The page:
Laos, Vietnam and Cambodia
Having made my way up the Malay Peninsula from Singapore to Bangkok, it was now time to continue my journey into uncharted territory. Laos, Vietnam and Cambodia had long been on my bucket list of must-see destinations, but it was with some trepidation that I contemplated the logistics of traveling through the rugged countryside, crossing multiple borders into communist countries, and arranging suitable transportation and lodging, all the while grappling with several different languages. As I was soon to discover, my concerns were all for naught. I was able to easily navigate my way through some of the most beautiful country on earth, inhabited by some of the friendliest folks I have ever encountered in my travels throughout the world. In upcoming articles we’ll visit the cities of Vientiane and Luang Prabang in Laos; Hanoi, Hoi An and Saigon in Vietnam; and Phnom Penh and Siem Reap in Cambodia. We’ll also explore two fabulous UNESCO World Heritage Sites, Ha Long Bay and Angkor Wat.
History and Culture
Historically, Indochina refers to the three countries of Laos, Vietnam and Cambodia on the Southeast Asian peninsula. This region was known as French Indochina during the period when these countries were colonies of France from about 1884 to 1954. The Kingdoms of Laos and Cambodia were granted independence from France in 1949, but Vietnam would have a much longer journey to becoming the country it is today. The Indochina War was largely a conflict between France and the Viet Minh in the north of Vietnam and began in 1946 shortly after the end of World War II. It ended in 1954 with the partition of Vietnam into North and South. Enter the Americans one year later and the rest, as they say, is history! While the peoples of Indochina are quite separate from those of both India and China, the name Indochina can be attributed to the location of this region between these two larger countries. While each of the three countries comprising today’s Indochina is ethnically diverse, the Khmers can be identified as the majority in Cambodia and the Kinh (Viet) in Vietnam. Laos, on the other hand, is a much more diverse conglomeration of many tribes and languages.
The major sights of Laos, Vietnam and Cambodia can easily be covered by taking a circular route beginning and ending in the gateway city of Bangkok, Thailand. I traveled in a clockwise direction, starting with the overnight train ride from Bangkok to Vientiane, Laos. What I thought would be a complicated border crossing over the Friendship Bridge at Nong Khai into Laos turned out to be quite simple and went exactly according to how it was described in The Man in Seat 61. You can purchase a visa on arrival for Laos there for $35. After an overnight in Vientiane, I took the 11 hour bus ride through the beautiful northern hill country of Laos to the incredibly charming UNESCO World Heritage City of Luang Prabang on the Mekong River. To save time and avoid the long, arduous bus ride over the mountains to Hanoi, I took the one hour flight from Luang Prabang to Hanoi the following day on Lao Airlines for $150. Arriving in Vietnam by plane also enables travelers to purchase a visa on arrival rather than applying for a visa in advance which is required at land border crossings. After two nights in Hanoi and a day trip to Ha Long Bay I took the overnight train to the ancient city of Hoi An via Da Nang for $45. Again to save time, I took the one hour flight the following day from Da Nang to Saigon on Vietnam Airlines. After a one day visit to Saigon I took a bus to Phnom Penh, Cambodia for $20 and was able to purchase a visa on arrival at the border for $25. The following day I took the five hour bus ride to Siem Reap for $12.00. After two days in Siem Reap with ample time to explore Ankor Wat, I completed the final leg of my circuitous journey by taking the nine and a half hour bus ride back to Bangkok for another $12. Hopefully, these details will be helpful for those planning an independent sojourn through Indochina.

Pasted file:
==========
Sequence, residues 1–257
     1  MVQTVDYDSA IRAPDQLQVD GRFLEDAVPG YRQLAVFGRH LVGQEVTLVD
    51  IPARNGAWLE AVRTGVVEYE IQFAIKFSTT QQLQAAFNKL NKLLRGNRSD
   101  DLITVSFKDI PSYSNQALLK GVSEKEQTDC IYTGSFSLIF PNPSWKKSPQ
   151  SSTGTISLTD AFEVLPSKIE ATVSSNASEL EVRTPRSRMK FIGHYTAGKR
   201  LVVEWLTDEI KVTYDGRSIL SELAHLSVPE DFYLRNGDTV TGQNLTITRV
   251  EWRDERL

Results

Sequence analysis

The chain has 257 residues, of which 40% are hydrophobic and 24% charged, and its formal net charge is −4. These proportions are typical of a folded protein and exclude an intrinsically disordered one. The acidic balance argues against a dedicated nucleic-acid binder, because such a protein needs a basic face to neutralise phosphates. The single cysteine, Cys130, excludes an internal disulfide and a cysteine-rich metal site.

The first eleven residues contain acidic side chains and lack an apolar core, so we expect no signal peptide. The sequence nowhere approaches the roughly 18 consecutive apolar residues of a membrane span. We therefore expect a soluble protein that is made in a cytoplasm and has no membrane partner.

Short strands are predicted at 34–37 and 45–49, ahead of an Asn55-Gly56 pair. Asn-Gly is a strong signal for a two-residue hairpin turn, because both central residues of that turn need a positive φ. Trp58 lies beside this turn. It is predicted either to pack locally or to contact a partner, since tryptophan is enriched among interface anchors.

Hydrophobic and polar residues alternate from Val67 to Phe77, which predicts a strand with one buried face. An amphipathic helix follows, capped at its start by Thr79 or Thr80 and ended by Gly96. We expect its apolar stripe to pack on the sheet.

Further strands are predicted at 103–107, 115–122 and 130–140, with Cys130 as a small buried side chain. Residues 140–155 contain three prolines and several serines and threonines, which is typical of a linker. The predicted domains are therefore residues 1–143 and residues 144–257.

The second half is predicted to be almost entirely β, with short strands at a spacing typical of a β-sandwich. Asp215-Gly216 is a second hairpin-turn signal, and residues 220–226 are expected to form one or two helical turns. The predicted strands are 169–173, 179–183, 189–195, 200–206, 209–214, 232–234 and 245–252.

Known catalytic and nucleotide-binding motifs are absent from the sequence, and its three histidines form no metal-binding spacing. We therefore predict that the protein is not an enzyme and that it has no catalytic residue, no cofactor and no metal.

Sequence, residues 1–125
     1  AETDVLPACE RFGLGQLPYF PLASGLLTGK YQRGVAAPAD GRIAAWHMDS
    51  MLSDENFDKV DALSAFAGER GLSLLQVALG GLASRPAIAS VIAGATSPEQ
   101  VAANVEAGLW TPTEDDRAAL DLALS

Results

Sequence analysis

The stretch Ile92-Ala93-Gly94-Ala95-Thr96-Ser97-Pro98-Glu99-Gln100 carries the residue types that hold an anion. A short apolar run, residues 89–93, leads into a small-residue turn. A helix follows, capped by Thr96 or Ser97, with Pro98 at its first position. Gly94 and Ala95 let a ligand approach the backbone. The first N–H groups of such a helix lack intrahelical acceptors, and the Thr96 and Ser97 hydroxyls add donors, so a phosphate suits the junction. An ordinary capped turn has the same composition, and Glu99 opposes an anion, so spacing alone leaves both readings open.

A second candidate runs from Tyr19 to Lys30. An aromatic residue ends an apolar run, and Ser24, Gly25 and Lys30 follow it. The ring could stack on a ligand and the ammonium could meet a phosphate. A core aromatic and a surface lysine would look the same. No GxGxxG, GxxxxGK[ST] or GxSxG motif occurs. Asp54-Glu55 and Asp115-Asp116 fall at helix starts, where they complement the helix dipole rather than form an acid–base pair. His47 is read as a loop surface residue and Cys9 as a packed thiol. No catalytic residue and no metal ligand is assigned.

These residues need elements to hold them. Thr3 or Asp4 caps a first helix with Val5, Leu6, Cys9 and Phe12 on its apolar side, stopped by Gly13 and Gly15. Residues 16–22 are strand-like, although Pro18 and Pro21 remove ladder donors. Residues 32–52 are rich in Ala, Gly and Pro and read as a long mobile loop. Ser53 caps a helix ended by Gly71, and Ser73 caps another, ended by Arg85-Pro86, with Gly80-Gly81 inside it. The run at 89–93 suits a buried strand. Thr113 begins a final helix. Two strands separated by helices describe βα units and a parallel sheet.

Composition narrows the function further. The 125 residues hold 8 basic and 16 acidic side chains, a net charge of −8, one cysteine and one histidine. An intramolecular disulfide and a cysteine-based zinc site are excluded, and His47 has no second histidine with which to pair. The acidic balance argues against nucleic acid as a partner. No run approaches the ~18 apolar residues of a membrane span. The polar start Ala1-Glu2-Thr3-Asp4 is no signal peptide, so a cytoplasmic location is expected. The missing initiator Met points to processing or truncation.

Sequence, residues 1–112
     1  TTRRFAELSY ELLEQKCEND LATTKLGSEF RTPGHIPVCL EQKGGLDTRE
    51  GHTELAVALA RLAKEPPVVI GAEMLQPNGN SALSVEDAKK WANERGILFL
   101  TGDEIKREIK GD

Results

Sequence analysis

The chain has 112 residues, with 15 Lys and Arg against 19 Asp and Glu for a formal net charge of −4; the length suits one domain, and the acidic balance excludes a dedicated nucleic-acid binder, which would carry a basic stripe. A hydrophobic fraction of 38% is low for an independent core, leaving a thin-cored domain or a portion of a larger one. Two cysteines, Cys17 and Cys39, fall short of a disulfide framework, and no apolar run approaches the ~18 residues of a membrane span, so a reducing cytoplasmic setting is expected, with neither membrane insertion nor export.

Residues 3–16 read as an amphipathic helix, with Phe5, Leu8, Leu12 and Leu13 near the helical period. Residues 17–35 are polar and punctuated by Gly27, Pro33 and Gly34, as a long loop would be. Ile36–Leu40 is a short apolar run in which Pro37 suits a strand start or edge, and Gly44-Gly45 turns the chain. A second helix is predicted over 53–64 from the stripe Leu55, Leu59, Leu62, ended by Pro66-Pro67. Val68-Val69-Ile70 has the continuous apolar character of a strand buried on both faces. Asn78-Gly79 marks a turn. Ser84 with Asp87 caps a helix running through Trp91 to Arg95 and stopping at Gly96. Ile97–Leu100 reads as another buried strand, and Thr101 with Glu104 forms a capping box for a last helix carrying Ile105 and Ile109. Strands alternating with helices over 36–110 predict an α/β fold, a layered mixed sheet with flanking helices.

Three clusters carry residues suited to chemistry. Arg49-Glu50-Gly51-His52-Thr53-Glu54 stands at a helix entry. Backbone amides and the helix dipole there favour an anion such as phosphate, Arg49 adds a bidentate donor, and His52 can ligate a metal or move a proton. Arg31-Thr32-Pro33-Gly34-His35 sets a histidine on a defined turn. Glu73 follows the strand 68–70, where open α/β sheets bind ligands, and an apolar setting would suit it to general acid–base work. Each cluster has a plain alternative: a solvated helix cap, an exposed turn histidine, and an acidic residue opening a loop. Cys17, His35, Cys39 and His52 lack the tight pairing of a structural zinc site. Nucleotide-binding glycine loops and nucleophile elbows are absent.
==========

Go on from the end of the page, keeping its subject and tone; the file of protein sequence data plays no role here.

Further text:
Bargain Hunter’s Paradise
Hurry! These prices won’t last! At the risk of sounding like the proverbial used car salesman, I can’t stress enough that the price for everything from hotels to restaurants to transportation and shopping are incredibly low throughout Indochina, making it a true bargain hunter’s paradise. It’s no wonder that frugal students and backpackers flock to this region every year to take advantage of the great deals. Imagine a wonderful hotel with a pool and a fabulous breakfast for $50 or a delightful meal in a French restaurant for $7. Or how ‘bout a comfortable minibus ride from Cambodia to Thailand for $12 or a souvenir tee shirt for $1. As word gets out, prices are sure to go up, so if you are thinking of a trip to Indochina, now might be the time. In future articles we will explore this region in greater detail, so be sure to check back with us here at Blue Orb Travel for some great information on what to see and where to stay during your visit.